“I was just trying to stay calm and not think about the course too much and not try to make too much of a strategy, but just ski it and find my tuck whenever I could,” Shiffrin told the New York Times after the downhill. In 2018, she had 1.21 seconds to make up on eventual winner Michelle Gisin.
The Swiss skier returned Thursday to defend her Olympic title from PyeongChang. Only Croatia’s Janica Kostelic (2002, 2006) and Germany’s Maria Hofl-Riesch (2010, 2014) had ever defended the Olympic gold in the event before Gisin replicated the accomplishment.
After the downhill, Gisin sat in 12th place. The bronze medalist from four years ago, teammate Wendy Holdener — perhaps Shiffrin’s biggest competition on paper going into the slalom — lurked in 11th. Holdener also won the discipline’s globe in 2016 and 2018. The leader, Scheyer, entered the competition without a single Olympic or World Championship medal and has only one World Cup win, a downhill victory from 2017.
The Austrian went first down the icy slalom hill, setting the standard at 56.83. Ester Ledecka, sitting in second, found 0.94 seconds on Scheyer, posting the new best at 55.89. Ledecka, who famously won both Alpine ski super-G and parallel giant slalom snowboard golds in 2018, made a mistake on the second gate in the downhill but still posted the second-fastest time of the day and began the slalom just 0.01 seconds behind Scheyer. In the end, she wound up in the undesirable fourth position.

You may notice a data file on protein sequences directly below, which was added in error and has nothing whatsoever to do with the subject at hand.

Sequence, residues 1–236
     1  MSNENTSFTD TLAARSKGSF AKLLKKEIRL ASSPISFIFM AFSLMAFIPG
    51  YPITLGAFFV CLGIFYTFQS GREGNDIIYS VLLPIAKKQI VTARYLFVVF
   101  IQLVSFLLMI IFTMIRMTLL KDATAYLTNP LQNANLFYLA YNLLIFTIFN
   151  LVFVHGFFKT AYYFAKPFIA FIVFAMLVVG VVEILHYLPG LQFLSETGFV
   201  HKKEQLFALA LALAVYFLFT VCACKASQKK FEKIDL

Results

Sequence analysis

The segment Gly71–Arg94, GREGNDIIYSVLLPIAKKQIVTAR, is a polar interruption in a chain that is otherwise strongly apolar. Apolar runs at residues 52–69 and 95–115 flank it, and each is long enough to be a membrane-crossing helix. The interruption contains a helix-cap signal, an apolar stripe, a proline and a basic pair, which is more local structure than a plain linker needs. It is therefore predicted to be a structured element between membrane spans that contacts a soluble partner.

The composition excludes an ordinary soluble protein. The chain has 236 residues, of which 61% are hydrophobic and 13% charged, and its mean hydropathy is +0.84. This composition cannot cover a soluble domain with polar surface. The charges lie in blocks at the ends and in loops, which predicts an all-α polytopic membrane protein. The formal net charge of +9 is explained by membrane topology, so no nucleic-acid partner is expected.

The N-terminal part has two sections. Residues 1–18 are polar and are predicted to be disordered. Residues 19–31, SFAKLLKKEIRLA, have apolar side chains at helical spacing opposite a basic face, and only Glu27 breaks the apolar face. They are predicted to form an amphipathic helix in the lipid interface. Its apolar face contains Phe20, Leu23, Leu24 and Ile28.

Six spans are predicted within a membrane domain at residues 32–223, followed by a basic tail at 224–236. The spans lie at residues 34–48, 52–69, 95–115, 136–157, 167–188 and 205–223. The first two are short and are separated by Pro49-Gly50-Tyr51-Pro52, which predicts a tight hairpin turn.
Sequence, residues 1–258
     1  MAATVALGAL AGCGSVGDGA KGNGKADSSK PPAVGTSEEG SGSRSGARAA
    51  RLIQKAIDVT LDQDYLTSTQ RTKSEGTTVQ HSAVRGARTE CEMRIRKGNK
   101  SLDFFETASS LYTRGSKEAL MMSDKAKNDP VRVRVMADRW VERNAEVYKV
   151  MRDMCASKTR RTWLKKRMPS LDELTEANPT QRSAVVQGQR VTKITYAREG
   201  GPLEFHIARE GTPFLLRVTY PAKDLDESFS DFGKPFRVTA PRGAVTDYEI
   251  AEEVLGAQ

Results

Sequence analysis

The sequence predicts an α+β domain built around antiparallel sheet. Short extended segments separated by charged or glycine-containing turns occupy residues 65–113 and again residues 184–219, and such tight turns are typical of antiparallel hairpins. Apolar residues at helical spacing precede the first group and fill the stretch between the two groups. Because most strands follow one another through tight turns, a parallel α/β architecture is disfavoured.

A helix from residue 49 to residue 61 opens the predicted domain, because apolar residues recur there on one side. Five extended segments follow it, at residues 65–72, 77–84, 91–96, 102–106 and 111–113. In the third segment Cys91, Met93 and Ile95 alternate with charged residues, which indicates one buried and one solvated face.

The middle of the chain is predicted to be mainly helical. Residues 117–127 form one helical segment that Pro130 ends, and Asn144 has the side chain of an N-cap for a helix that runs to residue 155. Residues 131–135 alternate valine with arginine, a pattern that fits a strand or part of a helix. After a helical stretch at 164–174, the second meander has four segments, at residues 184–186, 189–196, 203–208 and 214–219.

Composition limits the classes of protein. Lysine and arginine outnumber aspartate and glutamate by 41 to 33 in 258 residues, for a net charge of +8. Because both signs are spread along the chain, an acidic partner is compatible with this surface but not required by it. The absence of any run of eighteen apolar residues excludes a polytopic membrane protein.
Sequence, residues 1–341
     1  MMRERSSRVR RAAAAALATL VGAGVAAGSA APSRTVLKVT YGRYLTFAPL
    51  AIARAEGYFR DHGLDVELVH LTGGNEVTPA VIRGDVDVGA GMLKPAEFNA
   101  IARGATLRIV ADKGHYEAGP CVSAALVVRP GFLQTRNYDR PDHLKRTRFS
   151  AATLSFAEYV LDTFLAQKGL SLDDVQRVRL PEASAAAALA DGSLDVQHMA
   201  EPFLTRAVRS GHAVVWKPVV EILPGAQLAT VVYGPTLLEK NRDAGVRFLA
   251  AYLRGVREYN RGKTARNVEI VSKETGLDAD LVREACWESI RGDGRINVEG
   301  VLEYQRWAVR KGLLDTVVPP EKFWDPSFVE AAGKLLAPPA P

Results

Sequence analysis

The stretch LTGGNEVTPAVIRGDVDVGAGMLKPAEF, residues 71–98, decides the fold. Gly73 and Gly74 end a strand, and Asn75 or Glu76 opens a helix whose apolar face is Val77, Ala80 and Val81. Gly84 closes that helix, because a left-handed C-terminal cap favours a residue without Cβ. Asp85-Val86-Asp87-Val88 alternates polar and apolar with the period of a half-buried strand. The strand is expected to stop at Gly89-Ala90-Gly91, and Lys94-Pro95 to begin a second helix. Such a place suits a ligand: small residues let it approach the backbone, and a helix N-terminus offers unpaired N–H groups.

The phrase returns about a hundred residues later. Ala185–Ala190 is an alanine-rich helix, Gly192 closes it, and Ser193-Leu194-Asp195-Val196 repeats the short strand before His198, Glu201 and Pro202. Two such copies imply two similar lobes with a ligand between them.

Austria’s Ramona Siebenhofer, primarily a downhill skier, didn’t have much to give in the slalom and went into third place after her run. France’s Romane Miradoli, starting fourth, straddled a gate to end her day, bringing up the American with a golden — literally — opportunity.
Unfortunately, Shiffrin’s Beijing woes continued. Despite finding her rhythm through the first nine gates, she dropped low late on the tenth, throwing herself out of position and skidding to a stop on the icy, steep slope. Five of the first 10 skiers posted a DNF, including fellow Americans Keely Cashman and Isabella Wright. Tricia Mangan was the only of the red, white and blue to get to the bottom of the hill, finishing in 11th.
Federica Brignone, a two-time combined globe winner (2019, 2020) and another one of the pre-race contenders, struggled to find her speed and sat in eighth, 0.69 seconds out of first after the downhill, but blitzed the slalom course to take an early lead and eventually earn bronze.
Switzerland was hoping to become the first nation since 1988 to podium in every Alpine event. Holdener put a full 1.10 seconds on Brignone’s time to take a 0.80 second lead, though ultimately displayed disappointment over her silver. Right after her, Gisin blew the door open, gunning down the hill in just 52.25 seconds, over a second faster than her teammate, more than two seconds faster than Brignone, and over three seconds faster than Ledecka’s fourth-best mark. The remarkable performance gave her an untouchable 1.06 second lead on the field.
Notably absent from the start list was the Slovakian superstar Petra Vlhova, who’s ankle tendon injury forced her to sit out.